Just a Little Caffeine and Aspartame

I try super-hard to feed my family healthy food the majority of the time. Despite my best efforts, we occasionally slide off the wagon and wallow in the chicken nuggets and french fry soup a little longer than I’d like.

But I do know the problems. And I am trying to address them.

I just don’t have the time—nor the affinity—to make homemade yogurt, churn my own butter, or grind my own wheat. I applaud the women who do. And at one point in my life, I measured my own worth as a mother and homemaker by those women.

But I have been released from those chains of comparison because God had a little talk with me and told me that that’s not me. At least not now. Not here.

And I’m OK with that.

I think. 

Anyway.

There’s another thing standing in my way of total embrace of the natural and healthy lifestyle.

That would be my little addiction to Diet Mt. Dew.

I love the stuff. And I know it’s bad for me. And I won’t touch aspartame in any other food product because yes, I really do believe it’s a scary chemical.

But I’m still struggling with my Diet Mt. Dew.

So, Saturday, I had my cold Diet Mt. Dew in the car. Susanna and I were running errands in Green Hills. We were in Macy’s—almost to the door—when she said she was thirsty. We went back through the mobs of shoppers to the nearest restroom sign, but there was no water fountain there. I didn’t feel like going all the way back to the 3rd floor, so I told her she could finish off the Diet Mt. Dew in the car.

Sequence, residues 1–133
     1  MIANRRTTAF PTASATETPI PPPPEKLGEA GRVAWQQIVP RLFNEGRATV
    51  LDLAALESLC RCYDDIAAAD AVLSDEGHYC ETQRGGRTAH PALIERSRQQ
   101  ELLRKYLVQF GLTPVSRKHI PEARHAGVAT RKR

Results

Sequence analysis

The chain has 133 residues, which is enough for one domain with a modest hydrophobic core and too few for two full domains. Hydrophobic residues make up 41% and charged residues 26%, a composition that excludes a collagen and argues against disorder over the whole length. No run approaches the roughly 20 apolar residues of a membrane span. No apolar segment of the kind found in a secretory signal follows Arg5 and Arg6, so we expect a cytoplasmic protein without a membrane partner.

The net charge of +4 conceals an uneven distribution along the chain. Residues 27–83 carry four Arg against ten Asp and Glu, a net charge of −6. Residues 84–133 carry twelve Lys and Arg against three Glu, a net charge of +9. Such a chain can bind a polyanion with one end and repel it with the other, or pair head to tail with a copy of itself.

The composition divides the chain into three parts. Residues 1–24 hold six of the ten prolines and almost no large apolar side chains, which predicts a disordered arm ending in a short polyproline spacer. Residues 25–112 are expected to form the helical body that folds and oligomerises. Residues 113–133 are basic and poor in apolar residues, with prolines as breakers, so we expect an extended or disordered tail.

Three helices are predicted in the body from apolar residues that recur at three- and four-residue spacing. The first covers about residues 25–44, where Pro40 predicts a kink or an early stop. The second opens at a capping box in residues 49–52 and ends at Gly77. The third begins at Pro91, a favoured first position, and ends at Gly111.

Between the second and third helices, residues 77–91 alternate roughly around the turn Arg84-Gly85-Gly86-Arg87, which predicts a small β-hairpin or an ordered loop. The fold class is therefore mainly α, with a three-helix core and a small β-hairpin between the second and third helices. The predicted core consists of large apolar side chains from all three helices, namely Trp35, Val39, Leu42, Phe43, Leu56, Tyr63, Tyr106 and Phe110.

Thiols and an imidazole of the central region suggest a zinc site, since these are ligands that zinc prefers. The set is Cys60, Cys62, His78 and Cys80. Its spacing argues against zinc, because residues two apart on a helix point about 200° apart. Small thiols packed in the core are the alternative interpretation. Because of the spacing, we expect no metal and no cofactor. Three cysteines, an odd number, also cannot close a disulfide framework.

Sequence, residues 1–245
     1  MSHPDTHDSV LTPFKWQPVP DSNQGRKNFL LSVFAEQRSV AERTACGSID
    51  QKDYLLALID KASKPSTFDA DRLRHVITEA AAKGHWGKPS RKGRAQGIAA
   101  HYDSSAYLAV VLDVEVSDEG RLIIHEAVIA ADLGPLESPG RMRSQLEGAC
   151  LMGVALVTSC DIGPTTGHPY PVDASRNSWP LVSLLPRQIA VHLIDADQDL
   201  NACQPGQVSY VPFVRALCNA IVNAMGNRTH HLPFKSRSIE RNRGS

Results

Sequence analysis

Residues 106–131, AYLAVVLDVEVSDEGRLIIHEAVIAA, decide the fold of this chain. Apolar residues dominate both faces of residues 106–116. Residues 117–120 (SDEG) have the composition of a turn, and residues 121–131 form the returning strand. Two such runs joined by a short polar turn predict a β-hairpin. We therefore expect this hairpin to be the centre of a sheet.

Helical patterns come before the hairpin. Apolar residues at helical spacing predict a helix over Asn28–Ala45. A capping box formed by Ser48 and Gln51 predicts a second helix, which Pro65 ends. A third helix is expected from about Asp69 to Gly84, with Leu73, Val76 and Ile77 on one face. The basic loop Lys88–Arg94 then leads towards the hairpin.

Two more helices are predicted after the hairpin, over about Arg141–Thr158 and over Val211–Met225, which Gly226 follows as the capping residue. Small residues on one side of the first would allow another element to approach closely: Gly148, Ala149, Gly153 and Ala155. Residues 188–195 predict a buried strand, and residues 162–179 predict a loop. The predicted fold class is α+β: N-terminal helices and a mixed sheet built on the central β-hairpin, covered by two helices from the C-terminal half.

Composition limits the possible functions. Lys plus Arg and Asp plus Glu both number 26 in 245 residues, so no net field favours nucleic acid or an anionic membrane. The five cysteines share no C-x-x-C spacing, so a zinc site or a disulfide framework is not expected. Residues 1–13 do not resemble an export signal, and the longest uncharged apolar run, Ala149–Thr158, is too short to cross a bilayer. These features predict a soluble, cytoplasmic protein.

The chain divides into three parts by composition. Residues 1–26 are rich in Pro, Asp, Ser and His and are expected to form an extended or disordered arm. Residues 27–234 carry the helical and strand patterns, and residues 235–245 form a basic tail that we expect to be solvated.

I felt guilty for a smidge of a second but concluded it was only a small amount. We got to the car and she started sipping.

Now, because I am the trying-to-be-healthier mom that I am, I decided we would also stop at Trader Joe’s for a few of my favorites from there. We hopped out of the car. Susanna had the Diet Mt. Dew in hand. We were headed in when I stopped.

“Susanna. Why don’t you finish that drink before we go in?”

I couldn’t let all those yogurt-making, mill-grinding, butter-churning, Trader Joe’s-shopping moms know that I had—on occasion—allowed my daughter to consume both caffeine and aspartame, now could I?

They just wouldn’t understand; I don’t care how far away that municipally contaminated water fountain was from the door.

Intentional Eating in 2010

dreamstime.com

I continue with my theme of “Living Intentionally,” as I turn my attention to my diet.

Ugh. The diet. The eating plan. The “lifestyle program.”

I think there’s just something to the saying that “life catches up” to you. I’ll be 40 this year, and I know I’m much less healthy than I was a decade ago. Fast food, processed food, sugar—it just makes me fat. It DOES.

A few months ago, I started the Transitions program. Transitions is a low-glycemic eating plan. It begins with a one-week fruit and veggie detox followed by twelve weeks of making new habits of healthier eating.

I did OK at first, then the stress of the holidays arrived and my motivation, focus, and resolve to stick to any eating plan that didn’t involve butter on top of butter and chocolate dipped in chocolate vanished.

Today I begin Day 3 of my fruit and veggie detox week. I am doing well so far.

Here’s where the “intentional” part came in: I know part of my failure in the fall was due to inconvenience. When do I eat breakfast? Often running out the door. What is breakfast? Something I can grab.